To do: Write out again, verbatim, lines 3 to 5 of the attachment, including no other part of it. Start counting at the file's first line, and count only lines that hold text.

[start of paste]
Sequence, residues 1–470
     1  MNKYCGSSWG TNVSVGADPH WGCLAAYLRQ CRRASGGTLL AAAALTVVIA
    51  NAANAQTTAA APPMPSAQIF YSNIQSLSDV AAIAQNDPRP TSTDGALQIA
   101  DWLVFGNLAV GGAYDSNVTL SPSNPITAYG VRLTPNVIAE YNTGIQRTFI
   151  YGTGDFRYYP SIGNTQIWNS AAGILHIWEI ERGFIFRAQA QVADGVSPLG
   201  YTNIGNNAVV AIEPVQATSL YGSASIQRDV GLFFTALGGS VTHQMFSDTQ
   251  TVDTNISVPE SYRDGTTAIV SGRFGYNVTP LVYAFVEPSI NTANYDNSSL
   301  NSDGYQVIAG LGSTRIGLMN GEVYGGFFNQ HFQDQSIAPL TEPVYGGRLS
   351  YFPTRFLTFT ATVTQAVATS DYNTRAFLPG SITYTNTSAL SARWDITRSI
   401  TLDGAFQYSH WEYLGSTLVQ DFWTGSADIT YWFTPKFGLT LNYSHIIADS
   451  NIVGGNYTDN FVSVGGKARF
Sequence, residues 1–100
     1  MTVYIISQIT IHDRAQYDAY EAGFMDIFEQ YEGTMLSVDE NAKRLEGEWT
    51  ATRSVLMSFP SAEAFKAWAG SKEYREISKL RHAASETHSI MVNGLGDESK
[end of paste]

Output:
    51  NAANAQTTAA APPMPSAQIF YSNIQSLSDV AAIAQNDPRP TSTDGALQIA
   101  DWLVFGNLAV GGAYDSNVTL SPSNPITAYG VRLTPNVIAE YNTGIQRTFI
   151  YGTGDFRYYP SIGNTQIWNS AAGILHIWEI ERGFIFRAQA QVADGVSPLG